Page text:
Answer: You should not blog for ROI reasons. Blogging is a personal journey – a way to communicate to your constituents. It is an honor to be able to reach out to folks in a real time manner; this platform is for personal expression – not for sales.
6. How important are Comments left by readers? Do you measure the success of an entry by number of Comments?
Answer: Comments are part of the interaction but I don’t blog to generate comments. If I get comments – good. I do look at uniques – and pageviews consumed. And is it growing in levels of interest; that is a fairer barometer of your success.
[Ed Note: Ted wrote in a separate email that the most traffic he’s gotten to his blog on a single day was 40,000 unique visitors. It was a post he wrote about AOL’s AIM.]
7. Jonathan Schwartz has said that blogging will become mandatory for CEOs and senior execs, just as email has. Do you agree with that?
Answer: Yes – digitize or die – find consumers and employees to touch them in a way that they control; and where they are. Blogging is like oxygen – get used to it :-).
Ted Leonsis on why blogging will become mandatory
“Digitize or die… blogging is like oxygen – get used to it.”
8. Does a CEO need to use Twitter or Facebook or any of the other social networking platforms?
Answer: I am on Facebook. I now have 564 friends. I find it a nice way to keep in touch with people; but email and IM and phone and face-to-face are still more utilitarian ways for me to keep in touch with close friends and family.
[Ed note: Ted and I exchanged several messages through Facebook to wrap up this email interview. He seems like a very active user.]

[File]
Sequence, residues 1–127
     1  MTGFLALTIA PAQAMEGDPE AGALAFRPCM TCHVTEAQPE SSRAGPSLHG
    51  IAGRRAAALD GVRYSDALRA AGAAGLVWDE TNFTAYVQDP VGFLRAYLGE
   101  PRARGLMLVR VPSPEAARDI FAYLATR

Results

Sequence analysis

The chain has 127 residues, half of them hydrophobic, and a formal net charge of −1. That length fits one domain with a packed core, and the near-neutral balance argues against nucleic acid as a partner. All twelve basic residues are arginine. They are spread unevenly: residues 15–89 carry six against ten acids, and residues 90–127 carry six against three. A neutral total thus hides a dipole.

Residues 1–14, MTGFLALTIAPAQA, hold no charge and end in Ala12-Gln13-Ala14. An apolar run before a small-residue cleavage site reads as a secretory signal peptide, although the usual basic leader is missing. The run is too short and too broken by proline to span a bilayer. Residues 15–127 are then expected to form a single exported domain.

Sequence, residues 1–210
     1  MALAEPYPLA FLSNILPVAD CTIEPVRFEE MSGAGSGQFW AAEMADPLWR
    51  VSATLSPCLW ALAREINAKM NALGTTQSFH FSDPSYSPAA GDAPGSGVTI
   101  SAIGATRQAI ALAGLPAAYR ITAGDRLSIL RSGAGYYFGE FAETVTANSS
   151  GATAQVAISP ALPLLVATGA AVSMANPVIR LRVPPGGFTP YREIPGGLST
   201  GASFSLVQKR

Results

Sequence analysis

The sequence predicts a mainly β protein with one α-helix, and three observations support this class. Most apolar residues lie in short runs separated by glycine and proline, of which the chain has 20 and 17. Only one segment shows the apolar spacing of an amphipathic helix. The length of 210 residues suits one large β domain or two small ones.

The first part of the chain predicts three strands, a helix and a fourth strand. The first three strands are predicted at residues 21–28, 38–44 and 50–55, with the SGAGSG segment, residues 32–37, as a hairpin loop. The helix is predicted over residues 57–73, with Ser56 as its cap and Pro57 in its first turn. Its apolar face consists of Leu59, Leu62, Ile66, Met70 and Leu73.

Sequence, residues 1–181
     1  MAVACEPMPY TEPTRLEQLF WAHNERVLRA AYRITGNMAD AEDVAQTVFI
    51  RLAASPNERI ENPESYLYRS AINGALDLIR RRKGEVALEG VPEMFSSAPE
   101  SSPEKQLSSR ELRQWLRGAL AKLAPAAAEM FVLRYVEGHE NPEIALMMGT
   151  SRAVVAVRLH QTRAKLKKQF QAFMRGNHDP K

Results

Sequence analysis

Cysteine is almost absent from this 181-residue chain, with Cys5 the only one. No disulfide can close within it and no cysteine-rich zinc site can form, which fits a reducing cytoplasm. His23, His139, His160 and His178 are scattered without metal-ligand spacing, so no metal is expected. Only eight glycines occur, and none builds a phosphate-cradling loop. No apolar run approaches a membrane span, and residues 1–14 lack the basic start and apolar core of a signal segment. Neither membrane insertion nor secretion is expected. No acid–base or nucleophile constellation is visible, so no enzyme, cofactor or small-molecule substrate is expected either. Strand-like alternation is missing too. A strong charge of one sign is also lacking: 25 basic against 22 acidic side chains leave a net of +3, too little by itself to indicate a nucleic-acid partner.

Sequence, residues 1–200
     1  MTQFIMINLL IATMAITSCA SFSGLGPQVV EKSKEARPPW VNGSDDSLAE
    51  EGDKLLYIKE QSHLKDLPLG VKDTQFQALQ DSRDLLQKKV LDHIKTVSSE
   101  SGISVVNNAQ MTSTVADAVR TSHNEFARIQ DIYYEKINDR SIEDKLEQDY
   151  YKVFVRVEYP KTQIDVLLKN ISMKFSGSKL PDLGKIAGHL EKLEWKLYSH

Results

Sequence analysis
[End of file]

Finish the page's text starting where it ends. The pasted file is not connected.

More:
9. Is an open corporate culture a prerequisite for a CEO to blog?
I don’t know – I am not fearful. Ted’s Take is NOT a corporate blog; it is all mine. I write it. I do whatever I want on it. It isn’t approved by anyone. It is what it is. Why would anyone be afraid of the truth? Why wouldn’t you want to hear from people?
You just need to make sure that the people that comment aren’t on a fringe. In some posts perhaps 5K (five thousand) to 10K people will read it – and I will get ten comments. Is that a representation of the audience at large? That is for you to decide as a reader of the comments.
Former AOL vice chair Ted Leonsis on ghostblogging:
“Do it yourself; don’t be handled. Don’t have someone write it for you; you can’t fake it.”
10. What are your top three tips for writing a really successful CEO blog?
1. Do it yourself; don’t be handled. Don’t have someone write it for you; you can’t fake it.
2. Write from the heart and share what you know. Is the blog a representation of your true self? If not, don’t do it. It needs to be “warts and all”. Who cares if a post is not well received? I usually say, “OK, then go and blog daily. Put yourself out there – dazzle me.”
3.Blog for the right reasons: self expression – sharing knowledge – having fun; creating a forum of exchange of ideas with friends, customers and the public. Don’t do it as a business requirement or if you have thin skin.The positives far outweigh the negatives; go for it.
Make dust or eat dust.
[Ed note: Thanks for a great interview, Ted. Boy, you were fast. I sent you these questions at 7:30 AM this past Saturday. You replied in a stream of 10 emails before 12 noon.]
Washington Examiner Power Profile of Ted Leonsis (Oct. 8, 2007)